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Wal-Fare Benefits: Facts About Walmart Employee Plans




Nearly all employers struggle to contain health care costs. Walmart, however, has long made it part of its business model to externalize those costs. The World’s Biggest Company has repeatedly come under fire from labor and community groups, as well as states, for promoting a health care structure that encouraged employee reliance on Medicaid. The Supreme Court’s June 28 decision upheld the heart of the Affordable Care Act, which was good for President Obama–and also good for Walmart.

“The ‘Obamacare’ plan is a huge subsidy to Walmart,” Nelson Lichtenstein, author of The Retail Revolution: How Walmart Created a Brave New World of Business said in a phone interview. The Affordable Care Act will also benefit the bottom rung of Walmart’s workforce who will be eligible for Medicare under the plan, he added.

Lichtenstein refers to Walmart’s army of part-timers. The retailer’s Web site features a state-by-state report of its average hourly rate for full-time regular employees and makes much of the figures—but the pay scale numbers don’t apply to large numbers of Walmart associates (and are disputed by advocates who use industry research to place the pay scales  at a lower rate.)

USA Today reports that Walmart declined to say what the retailer’s national hourly wage is for part-time workers.

By its own admission, nearly half of Walmart’s workforce is part-time. Walmart, as the nation’ s largest private employer, can and does set its schedules so that many can’t get full-time hours. The Big W eliminated health care for part-time new  employee hires last fall.

So if you work part-time at Walmart, the Affordable Care Act can represent a lifeline for your family. According to Daily Finance: “. . . people who make up to 133  percent of the poverty line — for a household of two adults and one child, this would be $23,344 — would be eligible for Medicaid at no cost.”

The poorest of Walmart’s employees will in effect have a single payer plan—the taxpayer.

Ken Jacobs, chairman of the U.C. Berkeley Labor Center, has a sunnier initial take than Lichtenstein’s on Walmart and the Affordable Care Act. “It’s good for Walmart—ultimately it’s good for all businesses in America,” said Jacobs, whose areas of specialization include health care and low-wage work.

The ACA “will allow more people to create businesses,” Jacobs said. The United States has one of the lowest rate of small business formation and lack of universal coverage (like that enjoyed by other industrialized nations) is one of the factors contributing to that.

Jacobs said the ACA provides a way for Walmart to shift health care costs. The lowest rung workers will gain access to Medicaid and subsidies to purchase care in state health exchanges. “It allows [Walmart]  to go in the direction they’ve been going,” he said.

Walmart explicitly laid out its taxpayer-based health care approach in a memo at a 2005 board of directors retreat. The New York Times obtained the document in which Walmart’s executive vice-president for benefits “acknowledged that 46 percent of the children of Wal-Mart’s 1.33 million United States employees were uninsured or on Medicaid,” as the New York Times reported.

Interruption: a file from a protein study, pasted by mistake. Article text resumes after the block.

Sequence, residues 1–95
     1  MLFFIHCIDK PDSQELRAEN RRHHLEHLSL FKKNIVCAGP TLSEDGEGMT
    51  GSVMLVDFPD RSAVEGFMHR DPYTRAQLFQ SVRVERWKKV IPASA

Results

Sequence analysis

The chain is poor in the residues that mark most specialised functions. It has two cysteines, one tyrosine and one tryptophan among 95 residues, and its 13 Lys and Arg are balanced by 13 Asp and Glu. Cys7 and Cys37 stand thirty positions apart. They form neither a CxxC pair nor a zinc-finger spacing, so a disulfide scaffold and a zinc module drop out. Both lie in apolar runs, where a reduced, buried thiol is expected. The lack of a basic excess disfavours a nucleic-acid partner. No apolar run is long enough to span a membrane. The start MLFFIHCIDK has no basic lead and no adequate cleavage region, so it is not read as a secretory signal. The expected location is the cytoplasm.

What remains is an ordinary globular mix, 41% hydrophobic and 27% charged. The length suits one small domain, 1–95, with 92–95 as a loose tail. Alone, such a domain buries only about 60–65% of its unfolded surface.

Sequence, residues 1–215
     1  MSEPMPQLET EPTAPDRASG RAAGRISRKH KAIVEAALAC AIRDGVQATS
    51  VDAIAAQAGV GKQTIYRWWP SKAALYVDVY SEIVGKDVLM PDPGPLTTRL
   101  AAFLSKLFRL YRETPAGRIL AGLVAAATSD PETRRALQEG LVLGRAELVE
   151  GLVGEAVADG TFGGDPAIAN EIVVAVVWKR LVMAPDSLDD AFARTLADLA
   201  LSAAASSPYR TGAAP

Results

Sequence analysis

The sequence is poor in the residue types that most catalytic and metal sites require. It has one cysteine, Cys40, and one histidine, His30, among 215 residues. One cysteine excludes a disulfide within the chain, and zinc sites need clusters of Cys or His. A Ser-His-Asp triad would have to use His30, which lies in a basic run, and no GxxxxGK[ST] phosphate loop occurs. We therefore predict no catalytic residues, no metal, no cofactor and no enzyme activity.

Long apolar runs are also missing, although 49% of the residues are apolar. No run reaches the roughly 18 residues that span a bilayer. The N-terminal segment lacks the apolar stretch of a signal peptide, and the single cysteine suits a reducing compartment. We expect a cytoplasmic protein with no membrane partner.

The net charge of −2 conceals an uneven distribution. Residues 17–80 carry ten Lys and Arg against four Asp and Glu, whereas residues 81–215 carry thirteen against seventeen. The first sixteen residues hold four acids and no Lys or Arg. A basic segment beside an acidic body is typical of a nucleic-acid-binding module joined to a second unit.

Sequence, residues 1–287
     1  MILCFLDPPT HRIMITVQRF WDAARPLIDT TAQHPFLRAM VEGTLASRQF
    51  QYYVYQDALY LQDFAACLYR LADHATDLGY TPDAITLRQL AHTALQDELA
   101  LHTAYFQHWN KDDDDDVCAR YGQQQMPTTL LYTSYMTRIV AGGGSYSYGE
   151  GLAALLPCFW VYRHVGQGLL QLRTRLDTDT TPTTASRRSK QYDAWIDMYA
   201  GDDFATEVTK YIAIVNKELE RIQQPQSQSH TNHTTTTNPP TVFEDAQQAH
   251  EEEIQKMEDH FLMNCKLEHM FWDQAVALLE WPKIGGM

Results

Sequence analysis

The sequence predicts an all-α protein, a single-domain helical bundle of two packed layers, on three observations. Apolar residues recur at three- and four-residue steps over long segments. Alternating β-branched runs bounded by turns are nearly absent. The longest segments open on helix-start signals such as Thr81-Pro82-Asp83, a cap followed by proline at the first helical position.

An excerpt: “Wal-Mart’s healthcare benefit is one of the most pressing reputation issues we face because well-funded, well-organized critics, as well as state government officials, are carefully scrutinizing Wal-Mart’s offering.”

The memo sounds the alarm that nearly half of Walmart employees’ kids were using publicly funded health care. You could see that’s a PR problem.

Walmart’s health coverage and other benefits remain a PR pain for the megachain. Mobilizations in Los Angeles, New York and Chicago against the retailer moving into local markets are based on a potential threat posed to depress local wages, benefits and local small businesses – all of which have occurred in other markets.

A retailer of Walmart’s size and scale can do that. Walmart disputes the studies that show negative economic impacts, criticizing the methodology.

The megachain touts its 401(k) plan, which matches employee contributions up to six percent of pay. That assumes an employee can afford to contribute after paying the bills, a challenge for Walmart’s many part-timers.

CNN Money reported: “With its previous retirement plan established in 1971, the company would share its profits with employees by automatically putting company money — the equivalent of four percent of an employee’s pay — into a retirement plan. The employee wouldn’t be required to contribute.”

As to health care, the latest figures show some one million associates and their family members covered by company plans, according to spokesman Steven Restivo.

That doesn’t mean one million of Walmart’s current 1.4 million U.S. employees are enrolled in a Walmart plan. In 2009, the last year Walmart made open enrollment figures available, 733,000 (or 51.8 percent) associates enrolled.

Walmart also offers medical plans with no lifetime maximum and low premiums, Restivo says. But a look at Walmart employees’ materials and some applied math show some pricey deductibles–they can be anywhere from $1250 to $2700 for a single enrollee and $2500 to $5400 for a family.

The no-lifetime maximum Walmart touts is law—it went into effect nationally in September 2010—as part of the Affordable Care Act, upheld by the Supreme Court last week.

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